Good old Aspirin for Cardiac Emergency
Heart attacks are common above 40, often coming at odd times, without warning, and are the commonest killer of our modern times. The best chances of reducing the severity of an acute attack and improving the chances of survival are by chewing aspirin at the very start and reaching a hospital within 2 hours.
A doctor colleague of mine, Dr Anil Behl, has started a unique form of social service, of putting 4 aspirin tablets in a plastic pouch and keeping it available at all times with the security check-post of his housing colony. He has backed up this simple act by informing all residents of his colony by email and posters, that should anyone have early symptom of heart attack, they should immediately procure the pills from the security room and chew them while waiting for further help to arrive.
During a heart attack, blood clot forms in the arteries of the heart blocking the flow of oxygen-rich blood to heart muscles. Clot formation begins with clumping of small blood particles called platelets. What aspirin does is that it prevents stickiness and clumping of platelets,. When taken during a heart attack it therefore slows clotting and decreases the size of the clot.
Most cardiologists swear by aspirin for several reasons.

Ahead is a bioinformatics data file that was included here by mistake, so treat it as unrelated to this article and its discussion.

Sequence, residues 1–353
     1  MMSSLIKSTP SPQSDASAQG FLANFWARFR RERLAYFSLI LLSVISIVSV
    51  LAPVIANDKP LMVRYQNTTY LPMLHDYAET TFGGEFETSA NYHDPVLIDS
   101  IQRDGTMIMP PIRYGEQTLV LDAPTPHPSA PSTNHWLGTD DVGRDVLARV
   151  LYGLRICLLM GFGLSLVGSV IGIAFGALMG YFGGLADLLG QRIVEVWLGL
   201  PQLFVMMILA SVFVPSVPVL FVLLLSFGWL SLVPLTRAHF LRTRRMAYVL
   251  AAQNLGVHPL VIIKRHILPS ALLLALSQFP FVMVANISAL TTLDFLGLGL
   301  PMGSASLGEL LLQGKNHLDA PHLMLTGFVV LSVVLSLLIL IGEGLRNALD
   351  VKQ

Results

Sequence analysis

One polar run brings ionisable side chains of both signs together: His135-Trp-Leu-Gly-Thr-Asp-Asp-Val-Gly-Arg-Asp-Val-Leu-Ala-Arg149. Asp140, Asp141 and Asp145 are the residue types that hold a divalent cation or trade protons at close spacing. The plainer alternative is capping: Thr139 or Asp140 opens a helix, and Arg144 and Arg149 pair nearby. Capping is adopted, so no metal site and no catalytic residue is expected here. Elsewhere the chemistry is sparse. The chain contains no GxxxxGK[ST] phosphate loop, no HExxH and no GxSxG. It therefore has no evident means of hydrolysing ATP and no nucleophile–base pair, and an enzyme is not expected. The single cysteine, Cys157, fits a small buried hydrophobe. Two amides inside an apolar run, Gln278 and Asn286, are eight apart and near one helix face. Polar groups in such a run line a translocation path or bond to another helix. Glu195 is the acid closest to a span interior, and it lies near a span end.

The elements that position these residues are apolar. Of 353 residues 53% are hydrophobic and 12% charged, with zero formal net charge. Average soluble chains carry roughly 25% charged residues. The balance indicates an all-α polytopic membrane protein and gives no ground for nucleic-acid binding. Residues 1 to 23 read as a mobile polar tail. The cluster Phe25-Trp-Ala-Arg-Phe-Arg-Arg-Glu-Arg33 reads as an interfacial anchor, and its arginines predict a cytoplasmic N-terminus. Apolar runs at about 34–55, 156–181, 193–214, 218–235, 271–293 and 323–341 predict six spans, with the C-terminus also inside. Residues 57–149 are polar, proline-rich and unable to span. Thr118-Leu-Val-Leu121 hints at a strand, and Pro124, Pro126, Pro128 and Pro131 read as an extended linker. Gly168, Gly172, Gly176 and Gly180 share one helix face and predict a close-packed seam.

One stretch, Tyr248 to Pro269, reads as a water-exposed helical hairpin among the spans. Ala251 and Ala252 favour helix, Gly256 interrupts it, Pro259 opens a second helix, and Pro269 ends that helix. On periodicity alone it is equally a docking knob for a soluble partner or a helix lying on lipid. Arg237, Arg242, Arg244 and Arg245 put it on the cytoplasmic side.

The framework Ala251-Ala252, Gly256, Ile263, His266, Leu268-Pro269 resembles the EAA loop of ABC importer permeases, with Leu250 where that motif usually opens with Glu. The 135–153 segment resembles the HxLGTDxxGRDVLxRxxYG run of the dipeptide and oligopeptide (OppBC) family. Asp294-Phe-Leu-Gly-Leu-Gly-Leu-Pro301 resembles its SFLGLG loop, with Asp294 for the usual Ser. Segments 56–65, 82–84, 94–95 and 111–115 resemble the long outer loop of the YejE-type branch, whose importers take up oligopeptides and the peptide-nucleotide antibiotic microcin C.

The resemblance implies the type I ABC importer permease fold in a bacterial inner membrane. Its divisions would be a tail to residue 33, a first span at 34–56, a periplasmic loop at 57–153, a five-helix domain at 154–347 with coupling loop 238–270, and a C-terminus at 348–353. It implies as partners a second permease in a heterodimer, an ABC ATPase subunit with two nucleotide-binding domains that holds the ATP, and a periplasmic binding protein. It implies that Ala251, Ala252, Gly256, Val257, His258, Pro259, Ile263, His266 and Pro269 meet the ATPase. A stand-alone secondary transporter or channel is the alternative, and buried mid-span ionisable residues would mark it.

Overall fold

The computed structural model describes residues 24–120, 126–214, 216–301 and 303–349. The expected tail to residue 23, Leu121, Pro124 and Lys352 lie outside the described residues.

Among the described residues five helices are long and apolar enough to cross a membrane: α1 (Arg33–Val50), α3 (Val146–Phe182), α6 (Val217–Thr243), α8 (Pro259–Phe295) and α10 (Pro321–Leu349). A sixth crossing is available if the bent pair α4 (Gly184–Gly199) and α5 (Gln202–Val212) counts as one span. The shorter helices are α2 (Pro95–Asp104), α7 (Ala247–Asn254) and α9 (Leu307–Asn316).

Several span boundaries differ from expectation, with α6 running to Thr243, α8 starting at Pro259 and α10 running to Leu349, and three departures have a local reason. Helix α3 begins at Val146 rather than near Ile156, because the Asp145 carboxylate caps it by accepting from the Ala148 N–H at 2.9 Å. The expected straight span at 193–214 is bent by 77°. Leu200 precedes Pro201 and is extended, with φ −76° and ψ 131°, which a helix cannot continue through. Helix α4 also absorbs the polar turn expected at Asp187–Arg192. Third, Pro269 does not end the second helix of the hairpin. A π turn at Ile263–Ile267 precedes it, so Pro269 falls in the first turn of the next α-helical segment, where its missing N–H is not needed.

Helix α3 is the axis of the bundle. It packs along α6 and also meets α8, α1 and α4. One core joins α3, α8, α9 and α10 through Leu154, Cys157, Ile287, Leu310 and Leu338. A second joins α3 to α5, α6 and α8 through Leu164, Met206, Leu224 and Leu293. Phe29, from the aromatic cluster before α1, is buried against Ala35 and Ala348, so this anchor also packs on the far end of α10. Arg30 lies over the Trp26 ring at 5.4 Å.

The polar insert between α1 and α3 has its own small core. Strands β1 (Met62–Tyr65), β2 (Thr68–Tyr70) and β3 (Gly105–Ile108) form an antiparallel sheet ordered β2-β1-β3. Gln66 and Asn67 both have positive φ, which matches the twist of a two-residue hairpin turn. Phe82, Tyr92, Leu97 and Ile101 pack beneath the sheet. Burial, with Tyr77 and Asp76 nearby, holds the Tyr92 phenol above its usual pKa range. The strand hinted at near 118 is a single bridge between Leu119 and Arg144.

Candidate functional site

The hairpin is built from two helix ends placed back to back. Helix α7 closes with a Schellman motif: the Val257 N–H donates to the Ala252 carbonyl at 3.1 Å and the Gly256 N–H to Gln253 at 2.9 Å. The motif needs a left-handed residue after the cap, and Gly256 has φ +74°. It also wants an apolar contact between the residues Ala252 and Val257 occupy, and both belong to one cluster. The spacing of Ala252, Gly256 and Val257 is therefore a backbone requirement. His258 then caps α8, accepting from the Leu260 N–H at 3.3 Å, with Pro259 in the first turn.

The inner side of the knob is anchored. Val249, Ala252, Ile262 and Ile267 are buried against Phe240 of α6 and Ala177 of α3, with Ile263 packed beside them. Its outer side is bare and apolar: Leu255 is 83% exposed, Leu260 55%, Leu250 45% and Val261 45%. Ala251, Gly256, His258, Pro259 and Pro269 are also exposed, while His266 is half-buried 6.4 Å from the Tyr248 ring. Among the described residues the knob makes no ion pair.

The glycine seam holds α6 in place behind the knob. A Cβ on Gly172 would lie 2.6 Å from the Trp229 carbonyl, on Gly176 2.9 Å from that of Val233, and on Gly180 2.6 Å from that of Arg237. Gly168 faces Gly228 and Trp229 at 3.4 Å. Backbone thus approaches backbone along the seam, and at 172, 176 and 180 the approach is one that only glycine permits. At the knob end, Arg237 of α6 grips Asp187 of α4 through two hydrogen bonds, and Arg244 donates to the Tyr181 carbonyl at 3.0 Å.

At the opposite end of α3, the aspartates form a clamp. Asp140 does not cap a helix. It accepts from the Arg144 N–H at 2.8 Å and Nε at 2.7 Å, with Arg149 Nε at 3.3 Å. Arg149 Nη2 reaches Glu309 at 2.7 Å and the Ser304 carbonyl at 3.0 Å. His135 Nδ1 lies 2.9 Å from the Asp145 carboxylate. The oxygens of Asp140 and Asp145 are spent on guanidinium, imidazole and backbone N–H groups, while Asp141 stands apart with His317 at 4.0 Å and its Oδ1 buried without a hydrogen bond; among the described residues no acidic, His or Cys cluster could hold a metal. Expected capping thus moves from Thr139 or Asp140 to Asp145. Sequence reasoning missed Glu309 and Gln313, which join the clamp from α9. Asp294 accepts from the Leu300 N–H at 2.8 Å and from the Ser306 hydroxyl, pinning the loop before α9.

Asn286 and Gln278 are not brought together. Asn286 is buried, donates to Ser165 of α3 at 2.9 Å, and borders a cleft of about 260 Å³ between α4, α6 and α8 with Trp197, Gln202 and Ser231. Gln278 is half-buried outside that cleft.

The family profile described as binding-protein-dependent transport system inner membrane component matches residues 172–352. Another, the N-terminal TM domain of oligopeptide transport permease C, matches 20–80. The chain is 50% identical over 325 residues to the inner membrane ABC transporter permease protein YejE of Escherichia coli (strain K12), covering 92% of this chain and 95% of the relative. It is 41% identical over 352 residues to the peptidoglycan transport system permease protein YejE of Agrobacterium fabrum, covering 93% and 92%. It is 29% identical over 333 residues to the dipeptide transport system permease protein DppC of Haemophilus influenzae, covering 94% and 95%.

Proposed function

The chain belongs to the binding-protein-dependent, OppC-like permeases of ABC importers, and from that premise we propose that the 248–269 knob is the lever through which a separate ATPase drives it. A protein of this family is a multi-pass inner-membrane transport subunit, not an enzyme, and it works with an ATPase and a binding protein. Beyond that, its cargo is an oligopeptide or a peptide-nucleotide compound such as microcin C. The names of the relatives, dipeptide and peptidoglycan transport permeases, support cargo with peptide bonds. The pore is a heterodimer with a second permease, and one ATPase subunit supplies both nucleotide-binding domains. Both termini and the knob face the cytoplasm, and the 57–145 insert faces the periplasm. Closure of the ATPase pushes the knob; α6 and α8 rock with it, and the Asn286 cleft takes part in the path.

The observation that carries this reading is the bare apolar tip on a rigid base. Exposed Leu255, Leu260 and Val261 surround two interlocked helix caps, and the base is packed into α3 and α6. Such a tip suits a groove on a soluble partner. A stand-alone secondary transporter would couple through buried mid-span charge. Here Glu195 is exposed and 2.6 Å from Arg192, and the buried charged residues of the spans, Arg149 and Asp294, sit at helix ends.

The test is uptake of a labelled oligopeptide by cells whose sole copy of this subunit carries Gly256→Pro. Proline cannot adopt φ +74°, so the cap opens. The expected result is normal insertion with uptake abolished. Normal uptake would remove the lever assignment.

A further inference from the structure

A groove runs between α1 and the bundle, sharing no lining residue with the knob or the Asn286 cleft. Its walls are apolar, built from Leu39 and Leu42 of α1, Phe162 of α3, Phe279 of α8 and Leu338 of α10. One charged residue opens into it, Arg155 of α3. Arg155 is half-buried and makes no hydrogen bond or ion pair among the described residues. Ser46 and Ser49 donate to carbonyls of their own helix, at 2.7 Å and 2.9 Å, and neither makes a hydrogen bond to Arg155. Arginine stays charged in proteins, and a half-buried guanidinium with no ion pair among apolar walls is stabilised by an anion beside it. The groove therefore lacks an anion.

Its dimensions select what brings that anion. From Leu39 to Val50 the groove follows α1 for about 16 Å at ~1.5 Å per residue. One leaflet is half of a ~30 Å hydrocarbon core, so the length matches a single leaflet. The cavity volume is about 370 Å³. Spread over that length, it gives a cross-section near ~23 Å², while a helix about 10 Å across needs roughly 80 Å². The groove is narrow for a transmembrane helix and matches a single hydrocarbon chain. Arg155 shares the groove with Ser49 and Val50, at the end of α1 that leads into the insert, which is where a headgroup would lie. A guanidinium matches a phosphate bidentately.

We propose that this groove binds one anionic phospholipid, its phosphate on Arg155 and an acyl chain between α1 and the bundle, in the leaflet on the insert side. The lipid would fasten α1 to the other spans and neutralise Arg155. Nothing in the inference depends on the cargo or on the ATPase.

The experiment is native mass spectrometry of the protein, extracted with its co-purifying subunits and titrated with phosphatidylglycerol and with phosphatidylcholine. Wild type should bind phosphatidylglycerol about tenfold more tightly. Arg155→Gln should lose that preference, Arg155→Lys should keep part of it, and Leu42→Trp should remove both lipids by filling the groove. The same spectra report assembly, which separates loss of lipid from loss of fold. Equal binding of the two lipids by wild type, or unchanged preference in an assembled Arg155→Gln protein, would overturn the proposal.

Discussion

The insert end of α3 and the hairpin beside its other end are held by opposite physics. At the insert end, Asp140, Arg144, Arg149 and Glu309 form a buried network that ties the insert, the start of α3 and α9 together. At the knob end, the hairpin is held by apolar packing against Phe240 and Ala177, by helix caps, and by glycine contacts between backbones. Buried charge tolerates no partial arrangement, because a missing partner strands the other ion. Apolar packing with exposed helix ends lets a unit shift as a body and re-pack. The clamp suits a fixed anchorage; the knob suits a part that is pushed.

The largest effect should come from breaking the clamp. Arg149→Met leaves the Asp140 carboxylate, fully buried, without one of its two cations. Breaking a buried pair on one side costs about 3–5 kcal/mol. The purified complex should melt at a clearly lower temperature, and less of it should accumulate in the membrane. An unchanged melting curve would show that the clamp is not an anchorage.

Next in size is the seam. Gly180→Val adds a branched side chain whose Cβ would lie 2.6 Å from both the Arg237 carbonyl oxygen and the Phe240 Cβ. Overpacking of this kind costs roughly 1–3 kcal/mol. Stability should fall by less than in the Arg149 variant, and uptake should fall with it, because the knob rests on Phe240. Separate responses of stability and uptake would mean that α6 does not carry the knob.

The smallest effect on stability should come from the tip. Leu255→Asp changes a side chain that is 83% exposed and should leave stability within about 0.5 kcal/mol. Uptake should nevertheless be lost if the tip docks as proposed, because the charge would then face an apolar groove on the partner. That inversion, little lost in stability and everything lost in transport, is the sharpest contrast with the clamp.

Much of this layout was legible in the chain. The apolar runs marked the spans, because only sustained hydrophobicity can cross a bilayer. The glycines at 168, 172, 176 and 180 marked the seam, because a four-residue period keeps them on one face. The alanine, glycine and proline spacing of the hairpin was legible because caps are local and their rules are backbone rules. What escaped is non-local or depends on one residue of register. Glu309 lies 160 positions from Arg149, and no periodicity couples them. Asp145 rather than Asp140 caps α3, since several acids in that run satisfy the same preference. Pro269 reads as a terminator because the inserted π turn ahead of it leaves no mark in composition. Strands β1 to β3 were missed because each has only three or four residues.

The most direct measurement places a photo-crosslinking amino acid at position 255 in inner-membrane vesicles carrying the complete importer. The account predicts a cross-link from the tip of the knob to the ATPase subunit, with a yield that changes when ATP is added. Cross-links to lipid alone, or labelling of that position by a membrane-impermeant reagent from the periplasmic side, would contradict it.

For those who have had a previous heart attack, long-term use of aspirin reduces the chances of having a second one.
It is useful for those who have never had a heart disease before but are at increased risk of having one. This group includes people above 40 who have diabetes, high blood pressure, increased blood levels of cholesterol and smokers. Those with a strong family history of heart disease also come in the “risky” category.
A daily dose of low-dose aspirin has been shown to reduce the risk of a first heart attack in this group. Cardiologists also recommend aspirin to all those who have had a cardiac artery bypass surgery or angioplasty. The reasons are much the same. It prevents platelets to clump thus reducing the chances of clot formation in the arteries of the heart.
Heart attack presents as heaviness or pain in the center of the chest, often radiating to the neck or left arm or back, sometimes associated with sweating and uneasiness. It is often felt as “gas” and vomiting by some.
Aspirin is of course the first step that can be taken at home or on the way to a hospital. An angiography, and opening up of the blocked arteries by angioplasty, performed within the first 6 hours, reduces damage and death of heart muscles, and the best chances of long-term survival.
It makes sense to keep aspirin handy at all times, not just for you, but others around you who might need it in an emergency.